The red-hot industrial real estate sector just notched one of its largest deals ever.
A group of investors led by Singaporean sovereign wealth fund GIC bought 328 U.S. industrial properties, including debt, from the real estate unit of Swedish private equity firm EQT for $6.8 billion, according to a source familiar with the deal.
Eastdil Secured brokered the sale, which closed on Friday, EQT Exter CEO Ward Fitzgerald said in an interview.
The portfolio received a “significant” number of bids from prospective domestic and international buyers, including U.S. public and nontraded REITs as well as pension funds, Fitzgerald said.
“We felt that the portfolio was significantly stabilized enough from a value-add perspective that we had done our jobs, and so it made sense to reap the rewards for the investors,” he said.
EQT Exeter began marketing the 70.5-million-square-foot portfolio, which sat inside the firm’s private real estate funds and related investment vehicles, at the beginning of the year. The properties average 250,000 square feet and service major metros, including New York, Chicago, Los Angeles, Dallas and Atlanta. They include distribution centers, fulfillment centers and last-mile warehouses.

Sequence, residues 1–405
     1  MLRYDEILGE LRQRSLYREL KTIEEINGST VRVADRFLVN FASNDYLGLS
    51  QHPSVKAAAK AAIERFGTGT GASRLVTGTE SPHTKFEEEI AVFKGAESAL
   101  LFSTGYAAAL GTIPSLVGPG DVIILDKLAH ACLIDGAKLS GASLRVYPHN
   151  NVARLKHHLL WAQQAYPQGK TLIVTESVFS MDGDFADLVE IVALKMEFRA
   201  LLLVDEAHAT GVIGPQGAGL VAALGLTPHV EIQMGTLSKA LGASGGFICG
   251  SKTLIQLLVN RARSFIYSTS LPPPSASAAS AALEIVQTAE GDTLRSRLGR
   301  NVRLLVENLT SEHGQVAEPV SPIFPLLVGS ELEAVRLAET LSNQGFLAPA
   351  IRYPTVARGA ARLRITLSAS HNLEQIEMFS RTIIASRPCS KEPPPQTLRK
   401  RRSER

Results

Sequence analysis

“While there are some exceptions in the portfolios, these buildings were built for major corporations, and that’s why we had large-scale international attention for the portfolio,” Fitzgerald said.
Industrial real estate’s star has risen throughout the pandemic, as landlords and developers capitalize on record demand for warehouse space stemming from consumers’ increased reliance on e-commerce. The EQT Exeter portfolio was 95 percent occupied at sale, according to a release.
EQT Exeter emerged from EQT’s acquisition of Pennsylvania-based Exeter Property Group in April. In addition to its industrial activities, EQT Exeter also operates in the residential, office and life science sectors.
EQT Exeter’s position in the industrial sphere is unique, Fitzgerald said, in that it is the only private player that is vertically integrated, with in-house construction, design, development and leasing teams. The firm will continue to manage the industrial warehouses it sold, and it is not planning to draw down its industrial development or exposure, Fitzgerald added.
“We’re building the industrial business quite dramatically,” he said. “ And this transaction is just evidence of our growth.”